Written by Chris Majerle, PCAM on September 24, 2019

Rental Management Edition

A home inspection can easily cost $400. And then, what? You get a list of corrections you would like the seller to make or you negotiate with the seller for concessions. In the end, if you and the seller cannot agree, you have no obligation to proceed with the sale… and you’re out $400.

If you are going to be a serious real estate investor, you should learn a little about the product. Most of the defects involving major sums of money can be seen fairly easily on a quick visual inspection, provided you know where to look. Let’s just think about it for a minute.

The most costly defects involve water getting to places it doesn’t belong. Roof leaks, windows leaks, plumbing leaks, and basement leaks are the culprits. But water has the lovely quality of leaving a stain. So, look at all ceilings for evidence that water has leaked from the roof or plumbing above. Look at the bottom of the walls in the basement. Look around and below all windows. These are the most common areas of visible water damage. You may also try to move the toilets—if they move, there is a good chance they are leaking below the floor. Often, the floor gets soft around leaking toilets. Check under sinks and vanities. Check shower and tub surrounds for soft, flexible walls.

Next to water, mold is a hot issue. Of course, mold requires a moisture source, so if you found water, look for mold. Mold can be black, white, or green (not to be confused with mildew—mold is generally at least a bit fuzzy). Mold likes to grow in dark, damp spaces, so many of the same places you just looked are where you will find evidence of mold.

Finally, make a visual inspection of major mechanical and structural components. Anyone can see a missing roof shingle or shingles that are curled or bubbled-up. You can see missing siding, rotted windows, walls that have shifted off the foundation, rotted floor joists (when exposed in the basement), broken concrete driveways. These are costly items to repair or replace. Is the furnace old and rusted? Does the electric panel still use fuses? Is the wiring aluminum? (Note: Aluminum wiring has the word “aluminum” printed on the wire insulation if you can find exposed wire.) Are the pipes made of copper, steel, or plastic? (If they are gray plastic, it may be polybutylene–watch out! White plastic is fine. Copper is usually fine.)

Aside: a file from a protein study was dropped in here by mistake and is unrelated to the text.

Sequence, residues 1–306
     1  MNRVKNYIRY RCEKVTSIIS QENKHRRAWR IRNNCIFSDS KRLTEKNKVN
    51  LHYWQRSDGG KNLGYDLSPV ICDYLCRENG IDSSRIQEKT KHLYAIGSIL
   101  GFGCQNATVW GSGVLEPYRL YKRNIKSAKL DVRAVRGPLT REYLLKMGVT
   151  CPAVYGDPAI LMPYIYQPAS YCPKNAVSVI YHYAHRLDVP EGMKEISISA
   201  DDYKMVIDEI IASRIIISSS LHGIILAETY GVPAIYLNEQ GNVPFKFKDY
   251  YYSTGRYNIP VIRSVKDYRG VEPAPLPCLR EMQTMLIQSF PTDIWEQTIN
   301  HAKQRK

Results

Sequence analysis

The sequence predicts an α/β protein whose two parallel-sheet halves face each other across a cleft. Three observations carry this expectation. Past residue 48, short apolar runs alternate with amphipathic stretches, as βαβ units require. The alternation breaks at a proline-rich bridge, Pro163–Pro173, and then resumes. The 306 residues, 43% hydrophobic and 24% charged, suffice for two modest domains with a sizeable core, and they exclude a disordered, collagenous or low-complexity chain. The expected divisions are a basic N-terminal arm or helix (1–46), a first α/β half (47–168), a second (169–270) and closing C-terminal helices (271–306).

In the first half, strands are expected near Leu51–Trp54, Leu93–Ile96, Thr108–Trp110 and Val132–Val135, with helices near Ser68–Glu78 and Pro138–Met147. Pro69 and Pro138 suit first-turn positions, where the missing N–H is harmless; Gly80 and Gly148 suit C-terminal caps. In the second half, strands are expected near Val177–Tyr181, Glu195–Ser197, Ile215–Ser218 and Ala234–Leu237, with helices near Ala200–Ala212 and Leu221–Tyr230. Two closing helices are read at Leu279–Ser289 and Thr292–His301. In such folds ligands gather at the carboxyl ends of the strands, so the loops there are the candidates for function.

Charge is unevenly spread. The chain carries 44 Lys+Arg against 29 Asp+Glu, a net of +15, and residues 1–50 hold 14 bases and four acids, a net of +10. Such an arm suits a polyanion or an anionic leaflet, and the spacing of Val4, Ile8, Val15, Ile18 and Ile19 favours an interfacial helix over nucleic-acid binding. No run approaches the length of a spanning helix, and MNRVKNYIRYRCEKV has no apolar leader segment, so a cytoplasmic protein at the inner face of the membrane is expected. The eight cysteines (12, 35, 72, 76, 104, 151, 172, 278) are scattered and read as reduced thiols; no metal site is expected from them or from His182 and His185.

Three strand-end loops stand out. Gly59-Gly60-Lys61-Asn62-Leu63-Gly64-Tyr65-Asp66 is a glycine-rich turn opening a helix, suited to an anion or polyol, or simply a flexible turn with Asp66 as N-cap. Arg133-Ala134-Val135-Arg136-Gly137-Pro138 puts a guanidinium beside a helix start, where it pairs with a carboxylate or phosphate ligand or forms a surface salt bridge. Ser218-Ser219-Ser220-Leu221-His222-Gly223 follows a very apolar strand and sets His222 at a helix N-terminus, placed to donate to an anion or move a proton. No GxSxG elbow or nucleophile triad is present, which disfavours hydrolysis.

You may not be a home inspector, but before you take your time to write one of those 38-page offers and before you pay for a home inspection, why not look for some of the obvious conditions that would cause you to walk away from the deal? Walk now—it’s $400 cheaper! It also may be easier to negotiate a lower price upfront by raising the concerns at the time of the offer. People get stuck on numbers. Psychologically, sellers are more accepting of a justifiably low offer from the start than a return to negotiations after they have mentally spent the money or told their friends what they got. Oh, and after your offer is accepted, pay for the inspection. Remember, you’re not an expert. And then hire a good rental manager to protect your investment.